Medical experts have long warned that isolation caused by current coronavirus restrictions could prompt a mental health crisis. Recent results from a study by the U.S. Census Bureau show an increasing concern.
“My requests for therapy have quadrupled in the last few weeks,” said Rev. Dr. Monika-Maria Grace, a clinical psychologist.
Grace says she’s been getting a lot more requests for patients feeling anxiety and depression.
“Many people have lost their employment,” says Grace. “I also think it’s a consequence of the pandemic that has forced people to stay together and coexist.”
And that could be the case for a lot of Californians. The surveys paint a grim picture of the toll the pandemic is having on the golden state.
Their data shows more than 44% of Californians have reported high levels of anxiety and depression. Data for the U.S. showed that 41% of respondents reported those symptoms, compared to just 11% of Americans who reported them last year.
Grace worries that this could lead to bigger problems.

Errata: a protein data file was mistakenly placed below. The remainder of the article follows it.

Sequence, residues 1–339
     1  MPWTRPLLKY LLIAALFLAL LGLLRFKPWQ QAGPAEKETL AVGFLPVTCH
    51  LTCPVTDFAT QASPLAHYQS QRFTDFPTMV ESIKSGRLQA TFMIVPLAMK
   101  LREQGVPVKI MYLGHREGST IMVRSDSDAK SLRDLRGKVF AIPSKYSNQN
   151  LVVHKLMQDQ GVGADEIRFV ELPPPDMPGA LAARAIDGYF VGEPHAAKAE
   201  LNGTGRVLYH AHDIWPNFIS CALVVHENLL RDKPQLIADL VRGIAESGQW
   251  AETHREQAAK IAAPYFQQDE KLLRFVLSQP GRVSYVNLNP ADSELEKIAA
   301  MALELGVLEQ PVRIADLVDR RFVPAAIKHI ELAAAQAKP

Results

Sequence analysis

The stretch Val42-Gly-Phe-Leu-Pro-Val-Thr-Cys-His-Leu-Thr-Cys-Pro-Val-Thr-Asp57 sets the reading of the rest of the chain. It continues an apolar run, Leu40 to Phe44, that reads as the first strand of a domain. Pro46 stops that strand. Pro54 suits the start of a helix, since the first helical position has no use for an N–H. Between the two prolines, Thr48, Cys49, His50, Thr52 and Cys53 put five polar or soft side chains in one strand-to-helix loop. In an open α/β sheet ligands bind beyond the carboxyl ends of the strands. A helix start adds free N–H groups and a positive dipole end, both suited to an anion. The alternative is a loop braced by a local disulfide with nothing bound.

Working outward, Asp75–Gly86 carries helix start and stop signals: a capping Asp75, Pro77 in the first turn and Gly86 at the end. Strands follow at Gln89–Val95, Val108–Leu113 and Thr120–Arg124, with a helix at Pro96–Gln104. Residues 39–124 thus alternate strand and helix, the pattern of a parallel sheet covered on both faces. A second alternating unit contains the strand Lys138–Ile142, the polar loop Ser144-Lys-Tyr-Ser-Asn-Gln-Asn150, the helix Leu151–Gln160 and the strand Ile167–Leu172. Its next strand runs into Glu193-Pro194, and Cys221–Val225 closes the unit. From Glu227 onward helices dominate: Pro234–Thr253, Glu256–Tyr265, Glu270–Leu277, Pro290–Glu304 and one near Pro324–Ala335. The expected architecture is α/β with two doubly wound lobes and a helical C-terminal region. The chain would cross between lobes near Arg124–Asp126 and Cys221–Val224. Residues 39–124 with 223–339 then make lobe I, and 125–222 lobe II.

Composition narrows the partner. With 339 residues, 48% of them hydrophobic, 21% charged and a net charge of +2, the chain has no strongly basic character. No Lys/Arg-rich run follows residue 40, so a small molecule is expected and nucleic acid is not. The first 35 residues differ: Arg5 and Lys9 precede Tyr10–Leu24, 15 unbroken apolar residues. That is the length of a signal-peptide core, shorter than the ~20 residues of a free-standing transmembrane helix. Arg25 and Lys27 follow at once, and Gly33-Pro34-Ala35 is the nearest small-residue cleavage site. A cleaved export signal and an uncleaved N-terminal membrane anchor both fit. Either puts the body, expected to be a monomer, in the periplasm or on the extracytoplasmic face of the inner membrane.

“There is definitely an increase in using substances to manage stress like alcohol, food, prescription medication,” Grace said.
Most striking? The study highlights young people ages 18 to 29. According to the surveys, three in four Californian respondents reported not being able to stop or control their worrying.
“That decade is the decade where adolescents become adults,” Grace said. “And that’s when they realize the world is open to them and they can experience everything an try everything and all of a sudden they are met with this world that is shut down."
But even with the concern in the rising numbers, Grace says there is some silver lining.
“People are realizing that there are resources out there for them to develop resilience and recover their mental help,” Grace said.
The surveys were part of a partnership between the National Center for Health Statistics and the Census Bureau to provide relevant data on the coronavirus's impact. About 900,000 Americans participated.